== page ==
Category: The Internet for Human Beings | 2 min read
I recently went on a trip through Thailand and Cambodia. I learned a lot of things and had a lot of fun but one thing really stuck with me throughout and just would not let go of my mind:
Khao San Road had a data economy.
It started with my wife and I heading toward the area. She had visited it several years ago and thought I might enjoy it. I also needed to pick up some clothes I had forgotten to bring, so it was a bit of a win-win.
For those who don’t know: Khao San Road is a street in Bangkok, Thailand that is well known among backpackers. It has a lot of cool vendors. From what I’ve been told it used to be more “natural” and have a lot of very unique shops but these days it has a lot of the same generic t-shirt and clothing shops, a few tattoo parlours and a bunch of custom suit makers.
We started our walk a good distance away from the street and, like almost every street we walked by during the trip, we were accosted by tuk-tuks and street peddlers the entire way there. For the most part they were just yelling the word “tuk tuk” and making motorcycle movements with their hands.
With the shear amount of people doing this, visitors quickly learn to ignore them — making any sort of noise toward them can encourage them to pester you an insane amount.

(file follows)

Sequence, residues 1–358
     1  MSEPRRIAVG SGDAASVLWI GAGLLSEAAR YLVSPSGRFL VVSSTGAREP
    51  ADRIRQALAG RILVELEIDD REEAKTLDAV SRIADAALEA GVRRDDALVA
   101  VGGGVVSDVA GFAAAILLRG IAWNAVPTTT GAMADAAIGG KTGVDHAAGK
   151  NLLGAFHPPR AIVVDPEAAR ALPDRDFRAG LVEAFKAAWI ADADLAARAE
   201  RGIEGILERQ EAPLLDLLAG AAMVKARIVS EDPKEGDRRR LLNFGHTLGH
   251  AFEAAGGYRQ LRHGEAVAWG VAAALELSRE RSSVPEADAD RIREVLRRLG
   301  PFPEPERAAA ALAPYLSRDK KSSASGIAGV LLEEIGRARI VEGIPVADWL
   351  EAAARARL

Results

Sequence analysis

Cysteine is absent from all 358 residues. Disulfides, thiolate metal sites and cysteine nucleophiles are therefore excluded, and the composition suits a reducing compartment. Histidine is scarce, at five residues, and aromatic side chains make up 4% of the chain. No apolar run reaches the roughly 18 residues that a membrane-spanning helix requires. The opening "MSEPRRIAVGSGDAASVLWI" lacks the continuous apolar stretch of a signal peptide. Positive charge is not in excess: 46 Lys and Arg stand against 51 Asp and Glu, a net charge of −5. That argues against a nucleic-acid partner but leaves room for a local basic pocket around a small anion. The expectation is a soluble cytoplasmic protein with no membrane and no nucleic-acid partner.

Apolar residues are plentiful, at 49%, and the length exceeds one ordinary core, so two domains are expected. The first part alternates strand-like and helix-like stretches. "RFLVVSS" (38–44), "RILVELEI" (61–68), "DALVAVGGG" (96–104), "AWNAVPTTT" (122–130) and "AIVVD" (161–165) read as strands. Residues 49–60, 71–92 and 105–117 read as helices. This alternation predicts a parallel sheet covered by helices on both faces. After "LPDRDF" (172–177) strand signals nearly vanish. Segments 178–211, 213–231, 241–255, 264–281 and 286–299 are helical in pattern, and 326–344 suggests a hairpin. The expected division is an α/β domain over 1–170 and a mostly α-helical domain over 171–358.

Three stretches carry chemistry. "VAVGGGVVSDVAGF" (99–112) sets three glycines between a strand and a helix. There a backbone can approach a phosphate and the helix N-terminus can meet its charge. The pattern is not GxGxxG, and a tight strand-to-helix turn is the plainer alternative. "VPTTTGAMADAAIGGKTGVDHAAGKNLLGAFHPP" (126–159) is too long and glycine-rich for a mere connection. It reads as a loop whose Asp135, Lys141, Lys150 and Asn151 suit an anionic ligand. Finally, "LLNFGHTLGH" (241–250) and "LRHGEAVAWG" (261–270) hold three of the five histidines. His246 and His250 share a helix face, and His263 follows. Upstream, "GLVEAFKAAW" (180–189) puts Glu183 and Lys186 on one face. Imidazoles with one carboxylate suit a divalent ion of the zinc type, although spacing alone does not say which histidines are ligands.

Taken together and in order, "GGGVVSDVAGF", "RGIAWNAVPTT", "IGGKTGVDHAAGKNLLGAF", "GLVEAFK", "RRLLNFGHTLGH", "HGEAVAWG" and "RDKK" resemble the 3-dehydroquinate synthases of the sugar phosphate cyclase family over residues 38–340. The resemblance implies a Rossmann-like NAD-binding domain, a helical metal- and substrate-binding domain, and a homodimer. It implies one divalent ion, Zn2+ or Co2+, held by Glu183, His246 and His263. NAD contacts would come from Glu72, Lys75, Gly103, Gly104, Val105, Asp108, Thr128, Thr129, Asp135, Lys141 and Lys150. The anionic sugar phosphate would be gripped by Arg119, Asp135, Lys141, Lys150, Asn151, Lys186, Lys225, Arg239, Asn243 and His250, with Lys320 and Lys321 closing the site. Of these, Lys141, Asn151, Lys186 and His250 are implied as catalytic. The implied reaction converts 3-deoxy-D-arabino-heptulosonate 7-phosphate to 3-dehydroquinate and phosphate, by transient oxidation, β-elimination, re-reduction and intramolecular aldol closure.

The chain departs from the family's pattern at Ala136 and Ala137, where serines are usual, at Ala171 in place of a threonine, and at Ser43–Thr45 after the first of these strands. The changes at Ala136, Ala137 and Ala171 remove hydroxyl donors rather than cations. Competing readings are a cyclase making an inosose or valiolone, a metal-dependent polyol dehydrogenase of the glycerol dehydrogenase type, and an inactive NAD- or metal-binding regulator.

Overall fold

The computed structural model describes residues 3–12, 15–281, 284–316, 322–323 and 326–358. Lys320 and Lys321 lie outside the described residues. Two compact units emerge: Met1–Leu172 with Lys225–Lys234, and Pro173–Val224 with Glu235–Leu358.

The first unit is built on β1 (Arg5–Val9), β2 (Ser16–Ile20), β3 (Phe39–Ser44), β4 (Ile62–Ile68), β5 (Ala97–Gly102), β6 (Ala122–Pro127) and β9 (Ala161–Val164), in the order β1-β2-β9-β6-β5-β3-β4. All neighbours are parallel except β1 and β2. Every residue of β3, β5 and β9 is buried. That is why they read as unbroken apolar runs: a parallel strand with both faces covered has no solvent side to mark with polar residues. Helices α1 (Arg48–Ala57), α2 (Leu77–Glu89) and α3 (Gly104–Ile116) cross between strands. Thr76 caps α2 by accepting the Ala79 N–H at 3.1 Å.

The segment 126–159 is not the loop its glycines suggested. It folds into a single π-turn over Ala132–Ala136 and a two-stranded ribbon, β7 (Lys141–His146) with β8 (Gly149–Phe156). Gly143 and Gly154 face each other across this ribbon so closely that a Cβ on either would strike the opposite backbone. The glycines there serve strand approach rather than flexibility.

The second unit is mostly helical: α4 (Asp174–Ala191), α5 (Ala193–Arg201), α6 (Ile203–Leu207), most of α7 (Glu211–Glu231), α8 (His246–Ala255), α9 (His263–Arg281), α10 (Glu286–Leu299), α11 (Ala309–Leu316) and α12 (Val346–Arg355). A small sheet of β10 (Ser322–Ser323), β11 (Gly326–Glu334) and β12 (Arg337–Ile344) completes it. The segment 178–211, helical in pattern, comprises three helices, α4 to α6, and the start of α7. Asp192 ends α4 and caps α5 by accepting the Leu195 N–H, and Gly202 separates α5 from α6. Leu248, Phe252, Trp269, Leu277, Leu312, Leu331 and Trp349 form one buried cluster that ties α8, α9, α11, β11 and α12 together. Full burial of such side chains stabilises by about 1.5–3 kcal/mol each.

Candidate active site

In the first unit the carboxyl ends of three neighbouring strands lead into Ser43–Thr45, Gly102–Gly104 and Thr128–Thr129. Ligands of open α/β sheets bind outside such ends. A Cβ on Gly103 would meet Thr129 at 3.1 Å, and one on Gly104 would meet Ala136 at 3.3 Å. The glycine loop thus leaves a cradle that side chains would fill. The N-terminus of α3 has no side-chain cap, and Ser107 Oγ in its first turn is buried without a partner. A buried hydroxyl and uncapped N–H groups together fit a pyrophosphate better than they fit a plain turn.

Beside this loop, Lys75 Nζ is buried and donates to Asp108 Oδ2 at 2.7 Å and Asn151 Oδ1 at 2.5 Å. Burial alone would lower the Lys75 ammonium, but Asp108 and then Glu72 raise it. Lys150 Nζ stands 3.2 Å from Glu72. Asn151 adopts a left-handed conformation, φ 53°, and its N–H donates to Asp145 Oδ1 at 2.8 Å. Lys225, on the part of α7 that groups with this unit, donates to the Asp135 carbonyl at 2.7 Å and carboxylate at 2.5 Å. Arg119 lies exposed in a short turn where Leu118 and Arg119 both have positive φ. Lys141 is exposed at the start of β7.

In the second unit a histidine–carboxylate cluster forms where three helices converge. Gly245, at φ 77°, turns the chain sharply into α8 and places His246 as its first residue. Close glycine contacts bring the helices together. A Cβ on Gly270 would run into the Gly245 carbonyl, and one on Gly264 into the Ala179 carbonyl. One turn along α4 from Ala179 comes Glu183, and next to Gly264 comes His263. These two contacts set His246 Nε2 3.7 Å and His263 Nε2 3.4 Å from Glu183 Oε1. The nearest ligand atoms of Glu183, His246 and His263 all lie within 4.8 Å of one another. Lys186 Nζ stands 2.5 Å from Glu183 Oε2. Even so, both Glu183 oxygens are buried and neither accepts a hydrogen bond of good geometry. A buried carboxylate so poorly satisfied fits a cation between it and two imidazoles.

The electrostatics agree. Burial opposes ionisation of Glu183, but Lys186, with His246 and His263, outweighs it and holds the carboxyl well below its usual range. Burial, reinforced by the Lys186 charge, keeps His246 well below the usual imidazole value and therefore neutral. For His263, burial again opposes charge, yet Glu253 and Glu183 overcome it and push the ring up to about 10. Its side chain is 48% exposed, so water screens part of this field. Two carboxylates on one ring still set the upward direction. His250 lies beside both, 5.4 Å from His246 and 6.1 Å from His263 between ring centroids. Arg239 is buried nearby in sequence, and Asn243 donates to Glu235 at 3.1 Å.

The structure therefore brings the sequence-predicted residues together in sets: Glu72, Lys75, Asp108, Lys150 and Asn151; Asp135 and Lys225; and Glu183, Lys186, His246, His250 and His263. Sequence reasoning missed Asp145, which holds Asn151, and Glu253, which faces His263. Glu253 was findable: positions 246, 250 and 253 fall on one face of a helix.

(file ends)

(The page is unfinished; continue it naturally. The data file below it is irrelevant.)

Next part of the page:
That’s when one of them asked what country we were from. He didn’t really ask casually — he yelled it at us as we walked by.
Taken aback we yelled out Canada!
He smiled and said “Toronto” but we had gotten too far and didn’t respond.
This happened about a block away from the main drag of Khao San Road. What happened when we finally got onto the street blew me away:
Sales people, who knew maybe 10 words of English at most, all started yelling: “Mr. Canada!” at me.
I was not wearing a Canadian flag on my bag or any other obvious indicators of where I was from. Throughout most of the trip people had assumed I was American.
I’m not talking about a few people either: every vendor somehow knew I was Canadian and even started throwing in city names (“Montreal? Vancouver!”) to try and get my attention.
Even after we had gone to a bar and had a few drinks, once we got out they continued calling me that.
My assumption is that the tuk tuk driver who accosted me (I’m starting to think the tuk tuk was just a prop) had some kind of What’s App list and any data he got on people walking by would be shared to people on that list.
My assumption went a bit further in that he probably charged for that piece of data. Kind of like how we charge for any kind of data we have on people.
By having a piece of data on me the sales person has a way of getting my attention when other sales people couldn’t. It was a leg up. As I said before: travelers automatically ignore sales people after a while, having that data about where they are from can get a sales person past that initial block and into a possible sale.
The value of that data would be decided by the “tuk tuk” driver and the sales people, a natural economy.
Or maybe they all just guessed correctly on the first go. Canada is a pretty big country!
I do wonder how he described me. Did he share a photo or just call me the fat bearded white guy.